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My HDD is formatted as the following

[HFS+ OSX SYSTEM PARTITION]
[HFS+ OSX TIME MACHINE PARTITION (just for convenient history)]
[NTFS WINDOWS 7 SYSTEM PARTITION]
[exFAT PARTITION]
[FREE SPACE]

the purpose of the exFAT partition is to have a partition they can both use natively (and to dump all my files that are not program/system related).

exFAT (Fat64) was chosen over Fat32 because I frequently use files that are larger than 4GB.

The exFat partition was made in OS X' disk utility.

Windows 7 does not recognize this partition, it sees it as unformatted space within control panel. What is the proper way to do this? Can Windows 7 create the partition instead? Or is there some other limitation to how Windows 7 can access exFat partitions.

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    Define "as unformatted space". Is the partition listed when you list the partitions on the disc? Don't leave the world guessing. There are tools for telling people what's in your partition table when situations like this arise. Put the output of the list partition command of diskpart into your question. – JdeBP Jun 27 '11 at 11:12
  • I have an external drive that is formatted in OS X Lion as ExFAT and it works in windows 7 home premium as it should... I tried to use it in arch linux notebook (I had to install exfat fuse drivers for it) and it worked too... So there shouldn't be any error in the process of exfat creation within OS X at least. – Dalibor Filus Dec 9 '11 at 0:11
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I had a similar problem with a USB key that I formatted in OSX Snow Leopard. Turns out I had chosen UUID as partition scheme which Win7 didn't like. Reformatted as MBR in OSX and now Win7 is able to see the exFat partition properly. I had to manually assign a drive letter to it, but I was able to read/write to the partition without problems.

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  • I had a 256GB USB drive whose 2nd ExFAT partition did not mount on a (family member) windows 7 laptop today. I couldn't troubleshoot (and simply used the NTFS partition to do the task instead) but Disk Management did show that this partition is present. It is indeed formatted as MBR. Not sure why it didn't mount, but it's not practical for me to do tests with such old OS's. I seem to recall that I formatted this disk with Windows 10 as well, since it is an Easy2Boot drive. – Steven Lu Apr 8 at 15:18
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Get a partition manager software (I used MiniTool Partition Manager, but I guess gparted can work as well) and change the partition type id from 83h to 07h, then reboot.

You don't have to reformat and all your files will appear after the reboot.

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    Thanks, that helped me. Also, you can use Acronis Disk director to change the partition type. – Vsevolod Krasnov May 1 '17 at 15:37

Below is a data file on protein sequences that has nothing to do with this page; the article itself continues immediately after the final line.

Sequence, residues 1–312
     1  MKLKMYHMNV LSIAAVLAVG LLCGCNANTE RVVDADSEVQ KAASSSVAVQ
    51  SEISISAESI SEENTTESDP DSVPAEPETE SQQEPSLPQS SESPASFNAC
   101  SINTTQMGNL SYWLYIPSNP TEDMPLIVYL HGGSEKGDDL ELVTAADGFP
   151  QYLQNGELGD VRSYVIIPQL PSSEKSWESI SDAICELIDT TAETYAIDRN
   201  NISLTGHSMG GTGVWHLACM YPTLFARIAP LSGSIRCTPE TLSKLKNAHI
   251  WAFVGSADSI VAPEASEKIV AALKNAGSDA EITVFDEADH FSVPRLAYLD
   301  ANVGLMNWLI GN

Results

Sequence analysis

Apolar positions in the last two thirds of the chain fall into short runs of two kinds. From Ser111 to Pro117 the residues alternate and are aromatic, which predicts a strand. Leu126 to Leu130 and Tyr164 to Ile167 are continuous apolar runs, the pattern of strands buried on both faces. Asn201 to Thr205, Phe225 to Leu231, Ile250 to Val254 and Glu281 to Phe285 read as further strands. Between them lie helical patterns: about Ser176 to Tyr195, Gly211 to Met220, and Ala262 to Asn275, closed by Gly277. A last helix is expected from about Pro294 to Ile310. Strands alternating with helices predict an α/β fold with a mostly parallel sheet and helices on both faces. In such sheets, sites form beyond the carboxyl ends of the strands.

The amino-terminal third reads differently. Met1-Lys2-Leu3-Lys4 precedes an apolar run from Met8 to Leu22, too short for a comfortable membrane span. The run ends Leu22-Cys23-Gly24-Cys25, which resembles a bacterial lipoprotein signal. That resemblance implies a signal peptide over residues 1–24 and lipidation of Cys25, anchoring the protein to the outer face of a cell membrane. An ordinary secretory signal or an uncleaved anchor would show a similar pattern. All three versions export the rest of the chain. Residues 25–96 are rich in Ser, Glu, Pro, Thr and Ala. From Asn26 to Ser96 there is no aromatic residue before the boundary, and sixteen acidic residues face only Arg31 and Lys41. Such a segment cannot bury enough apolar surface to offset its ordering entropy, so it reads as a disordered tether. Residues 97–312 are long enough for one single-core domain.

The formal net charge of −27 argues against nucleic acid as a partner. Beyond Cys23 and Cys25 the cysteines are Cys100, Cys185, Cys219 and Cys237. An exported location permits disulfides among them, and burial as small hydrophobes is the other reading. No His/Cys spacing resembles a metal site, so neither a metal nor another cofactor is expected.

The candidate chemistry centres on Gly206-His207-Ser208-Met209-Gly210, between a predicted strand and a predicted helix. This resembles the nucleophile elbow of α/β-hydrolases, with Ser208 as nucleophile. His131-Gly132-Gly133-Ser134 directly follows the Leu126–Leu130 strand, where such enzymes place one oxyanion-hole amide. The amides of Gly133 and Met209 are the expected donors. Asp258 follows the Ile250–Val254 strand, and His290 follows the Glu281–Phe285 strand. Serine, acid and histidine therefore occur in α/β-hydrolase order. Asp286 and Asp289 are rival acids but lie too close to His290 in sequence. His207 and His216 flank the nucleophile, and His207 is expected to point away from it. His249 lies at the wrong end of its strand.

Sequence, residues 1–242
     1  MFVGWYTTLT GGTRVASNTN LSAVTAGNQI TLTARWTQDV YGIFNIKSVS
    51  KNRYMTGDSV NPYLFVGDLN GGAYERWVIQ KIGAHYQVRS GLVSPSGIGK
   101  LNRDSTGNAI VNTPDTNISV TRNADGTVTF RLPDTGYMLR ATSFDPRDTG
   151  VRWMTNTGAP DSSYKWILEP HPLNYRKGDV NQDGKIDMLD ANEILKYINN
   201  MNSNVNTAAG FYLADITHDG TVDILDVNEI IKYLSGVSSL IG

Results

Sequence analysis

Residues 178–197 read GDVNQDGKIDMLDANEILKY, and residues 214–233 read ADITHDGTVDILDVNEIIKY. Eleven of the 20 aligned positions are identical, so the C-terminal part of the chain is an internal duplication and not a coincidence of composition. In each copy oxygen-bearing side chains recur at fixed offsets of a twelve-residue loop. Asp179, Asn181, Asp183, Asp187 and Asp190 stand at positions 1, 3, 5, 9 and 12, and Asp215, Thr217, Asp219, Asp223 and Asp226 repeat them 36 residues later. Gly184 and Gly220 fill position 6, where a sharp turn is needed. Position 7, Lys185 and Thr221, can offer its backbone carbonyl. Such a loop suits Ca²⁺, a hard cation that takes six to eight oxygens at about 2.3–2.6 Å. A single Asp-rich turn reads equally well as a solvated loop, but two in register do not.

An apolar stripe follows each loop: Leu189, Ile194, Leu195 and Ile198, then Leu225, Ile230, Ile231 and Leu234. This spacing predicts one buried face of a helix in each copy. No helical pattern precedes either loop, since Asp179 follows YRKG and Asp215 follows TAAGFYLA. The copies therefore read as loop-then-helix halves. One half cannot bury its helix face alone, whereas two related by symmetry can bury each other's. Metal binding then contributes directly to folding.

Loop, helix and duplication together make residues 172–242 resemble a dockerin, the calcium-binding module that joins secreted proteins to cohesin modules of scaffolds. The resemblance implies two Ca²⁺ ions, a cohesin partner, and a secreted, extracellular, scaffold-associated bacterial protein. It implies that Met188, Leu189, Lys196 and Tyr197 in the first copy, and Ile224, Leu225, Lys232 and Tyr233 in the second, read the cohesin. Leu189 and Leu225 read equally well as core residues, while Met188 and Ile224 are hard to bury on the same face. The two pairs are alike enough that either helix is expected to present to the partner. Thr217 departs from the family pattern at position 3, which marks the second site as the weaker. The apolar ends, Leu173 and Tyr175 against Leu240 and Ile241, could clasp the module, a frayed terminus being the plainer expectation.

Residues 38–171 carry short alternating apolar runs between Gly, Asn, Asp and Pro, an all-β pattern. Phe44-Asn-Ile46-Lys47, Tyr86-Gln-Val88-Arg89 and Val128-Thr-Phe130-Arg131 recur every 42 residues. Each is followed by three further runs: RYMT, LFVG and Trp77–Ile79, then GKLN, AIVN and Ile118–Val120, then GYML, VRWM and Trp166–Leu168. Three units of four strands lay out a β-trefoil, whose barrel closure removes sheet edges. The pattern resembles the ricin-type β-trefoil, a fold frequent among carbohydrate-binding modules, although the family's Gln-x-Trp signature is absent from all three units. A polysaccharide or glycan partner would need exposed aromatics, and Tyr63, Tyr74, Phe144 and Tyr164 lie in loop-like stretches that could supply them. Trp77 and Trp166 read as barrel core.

• In Linux, you can use cfdisk to change the partition type. – mivk Feb 1 '18 at 12:00
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For what it's worth, you may have slightly better luck if you can switch to NTFS. To get NTFS working alright in OSX, I suggest you take a look at FUSE for OSX. Alternatively, you can also work out ext3 support in both OSes. But I've found NTFS seems to be the most compatible. But in fairness, I've never tried fat64, never even heard of that before.

Sorry, I know that's the most direct help, but maybe i

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  • The speeds are slow. I might try ext2 since OSX will natively be able to do that and windows can do it at proper speed. Or just another HFS+ partition – cqm Jun 27 '11 at 5:01
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    Cool. Yes, ext2 should certainly be faster, since it doesn't maintain a journal of file system transactions. NTFS, ext3, HFS+ - are journaled and thus handle being crashed a lot better than file systems like ext2, HFS, fat32 etc.. Trade offs.. :) – James T Snell Jun 27 '11 at 23:14
  • I settled with another HFS+ , MacDrive on Windows doesn't seem to have any problems with speed like Fuse and NTFS3G on OSX – cqm Jun 28 '11 at 2:04
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I had similar issue with a disk formated exFAT with GParted, which partition was invisible in Windows 7.

Nicolay77's answer helped, but instead, I used the excellent free HxD hexadecimal editor: https://mh-nexus.de/en/hxd/

  1. Start HxD as Administrator
  2. Open the disk and make sure that the "read-only" checkbox is not checked.
  3. Locate the hexadecimal value 83 near the end of the first sector and replace it by 07.
  4. Save the changes.

That's all. And your exFAT partition will show within Windows.

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